Muromachi Period Essay

Muromachi Period Essay

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The Muromachi style of Zen Buddhism has influence art and design ever since it’s beginning in the 14th century. Although it was influenced by the Chinese styles at a parallel time, they both are still influential and noticed in today’s world.
     For years Japanese Ink Painting continued to be consistent with a basis on nature, and simplicity. Was the beginning of Minimalism in Japan? Was it intentional? The open composition of space and content on paper is a key of today’s design. The simplicity of monochromatic work is still appreciated in almost every art form.
     This is a contrast to the Renaissance that occurred during the same time period. There was never work similar in Europe, it was mostly elaborate and colorful. This proves that the Asian styles are the origin of minimalism.
     Even in architecture and landscape, there was interpretation and consistence of nature. The “Zen Garden” is a key concept that has lasted through the years. The Japanese styles of architecture were inspired by the consistency and simplicity of nature. They were the first to incorporate outside and inside, using a lot of patio space, and open surfaces, using round posts, and hinged translucent walls (Japan, 229).
     The dominant styles of the Muromachi Period, Ink Painting, Landscape, and Architecture, are visible in today’s society in all cultures. Design fields incorporate the same appreciation that the Zen Buddhists did. Aesthetics, the set of principles of good taste and the appreciation on beauty, especially in the philosophy of art (Reader’s, 26).
During the Muromachi Period, Sesshu (1420-1506) was known as the most famous artist in his medium of Ink Paintings. He was a monk that dedicated his life to painting. He traveled to areas of China and the natural landscape inspired his work heavily. He denied any influence from the Chinese art he saw on his journey. Like the work of Ni Zan (1308-1374), a Chinese Yuan Dynasty ink painter. (History, 842-861)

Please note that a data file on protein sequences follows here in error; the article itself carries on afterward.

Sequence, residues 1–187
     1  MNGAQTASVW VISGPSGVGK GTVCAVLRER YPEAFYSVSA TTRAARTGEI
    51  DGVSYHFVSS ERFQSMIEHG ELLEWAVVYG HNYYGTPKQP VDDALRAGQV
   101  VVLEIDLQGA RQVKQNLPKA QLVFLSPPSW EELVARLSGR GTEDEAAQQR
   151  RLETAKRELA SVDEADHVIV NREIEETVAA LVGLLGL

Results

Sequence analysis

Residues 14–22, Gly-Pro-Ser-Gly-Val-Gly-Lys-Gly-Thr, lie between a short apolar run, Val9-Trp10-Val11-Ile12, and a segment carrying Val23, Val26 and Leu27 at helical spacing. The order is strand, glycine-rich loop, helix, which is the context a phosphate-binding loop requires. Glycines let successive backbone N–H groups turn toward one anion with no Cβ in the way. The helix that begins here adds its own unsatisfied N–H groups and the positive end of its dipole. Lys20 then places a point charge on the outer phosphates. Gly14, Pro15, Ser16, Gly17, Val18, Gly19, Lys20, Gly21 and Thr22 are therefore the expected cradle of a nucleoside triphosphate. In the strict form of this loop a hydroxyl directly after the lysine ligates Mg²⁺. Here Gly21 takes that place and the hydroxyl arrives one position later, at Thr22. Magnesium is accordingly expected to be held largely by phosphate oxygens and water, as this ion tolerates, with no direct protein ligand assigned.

Sesshu’s most noted work was the “Winter Landscape.” This painting was done after his excursion through China, in the 1467. It is 18.25 x 11.5” in size, and was produced by rushing black ink on a paper. It is overlapped view of a landscape in the foreground, with large mountainous cliff...


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...on of the arts really polluted all meaning behind it. This is a dramatic time in which the true Zen Monks doubted their faith in the work they produced. The understanding of this, left room for sarcasm, and criticism, and eventually dilution of the Zen theories of nature and serenity.
     Put aside the debauchery of the art, this period has influenced so many cultures and design styles. It is key that styles like minimalism and even constructivism trace back to the monochromatic layout of image and text these monks produced.
     Being a designer, it is astonishing to relate styles that I apply to work with these simple Buddhists. They lived a simple lifestyle, appreciating materials and imagery that both were provided by nature. The aesthetics applied is an important way of expressing yourself as a citizen of the world.
     It is important that we as people seek to make the world better for mankind. Appreciating the elements, and applying workable solutions was a key contribution these monks made to society. Whether it is through our work or our deeds, it would be ideal that we all follow their example.

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